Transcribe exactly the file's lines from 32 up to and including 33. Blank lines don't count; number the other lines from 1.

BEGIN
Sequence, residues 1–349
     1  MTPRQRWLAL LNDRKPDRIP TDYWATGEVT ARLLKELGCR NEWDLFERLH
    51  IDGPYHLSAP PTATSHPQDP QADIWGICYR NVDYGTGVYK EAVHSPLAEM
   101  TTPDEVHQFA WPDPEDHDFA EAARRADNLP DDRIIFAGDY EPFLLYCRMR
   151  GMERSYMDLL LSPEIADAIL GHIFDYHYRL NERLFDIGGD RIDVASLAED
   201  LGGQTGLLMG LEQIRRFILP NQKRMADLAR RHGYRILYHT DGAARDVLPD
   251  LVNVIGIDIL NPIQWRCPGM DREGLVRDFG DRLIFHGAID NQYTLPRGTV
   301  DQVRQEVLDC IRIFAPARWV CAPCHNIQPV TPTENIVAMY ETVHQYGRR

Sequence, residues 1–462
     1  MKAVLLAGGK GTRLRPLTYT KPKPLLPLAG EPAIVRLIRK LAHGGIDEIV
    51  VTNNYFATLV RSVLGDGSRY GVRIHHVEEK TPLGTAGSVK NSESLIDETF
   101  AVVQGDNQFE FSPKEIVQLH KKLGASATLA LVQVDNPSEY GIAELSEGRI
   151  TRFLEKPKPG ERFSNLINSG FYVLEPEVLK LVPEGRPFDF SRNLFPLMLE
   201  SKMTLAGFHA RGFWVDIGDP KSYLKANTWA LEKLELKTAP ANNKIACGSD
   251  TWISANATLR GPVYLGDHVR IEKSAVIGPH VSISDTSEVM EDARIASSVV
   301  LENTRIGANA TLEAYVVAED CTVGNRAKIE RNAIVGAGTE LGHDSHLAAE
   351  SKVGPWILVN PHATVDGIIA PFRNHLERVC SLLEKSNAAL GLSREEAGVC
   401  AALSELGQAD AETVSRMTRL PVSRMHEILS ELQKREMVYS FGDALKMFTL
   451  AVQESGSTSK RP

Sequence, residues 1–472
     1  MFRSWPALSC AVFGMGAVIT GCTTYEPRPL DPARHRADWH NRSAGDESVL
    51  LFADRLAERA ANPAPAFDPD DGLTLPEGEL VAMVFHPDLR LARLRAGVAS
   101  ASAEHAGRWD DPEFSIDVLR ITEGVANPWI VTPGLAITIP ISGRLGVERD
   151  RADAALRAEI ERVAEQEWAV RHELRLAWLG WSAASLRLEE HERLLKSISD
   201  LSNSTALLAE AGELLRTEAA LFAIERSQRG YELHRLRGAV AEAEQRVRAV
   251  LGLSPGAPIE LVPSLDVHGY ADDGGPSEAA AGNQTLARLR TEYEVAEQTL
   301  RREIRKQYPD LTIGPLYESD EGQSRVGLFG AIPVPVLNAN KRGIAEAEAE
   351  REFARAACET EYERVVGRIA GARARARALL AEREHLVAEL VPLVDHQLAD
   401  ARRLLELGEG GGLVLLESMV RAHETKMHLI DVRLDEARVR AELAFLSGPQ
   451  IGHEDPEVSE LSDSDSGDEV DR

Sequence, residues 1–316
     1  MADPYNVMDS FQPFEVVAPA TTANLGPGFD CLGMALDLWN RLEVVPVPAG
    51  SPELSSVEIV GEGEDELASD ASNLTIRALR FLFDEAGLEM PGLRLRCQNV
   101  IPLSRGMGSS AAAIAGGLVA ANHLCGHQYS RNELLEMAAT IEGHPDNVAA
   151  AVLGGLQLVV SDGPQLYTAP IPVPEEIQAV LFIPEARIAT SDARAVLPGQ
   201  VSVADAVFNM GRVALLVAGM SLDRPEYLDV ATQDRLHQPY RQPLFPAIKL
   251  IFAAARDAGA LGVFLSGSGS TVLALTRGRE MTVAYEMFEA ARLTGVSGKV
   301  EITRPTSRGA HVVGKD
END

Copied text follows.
     1  MADPYNVMDS FQPFEVVAPA TTANLGPGFD CLGMALDLWN RLEVVPVPAG
    51  SPELSSVEIV GEGEDELASD ASNLTIRALR FLFDEAGLEM PGLRLRCQNV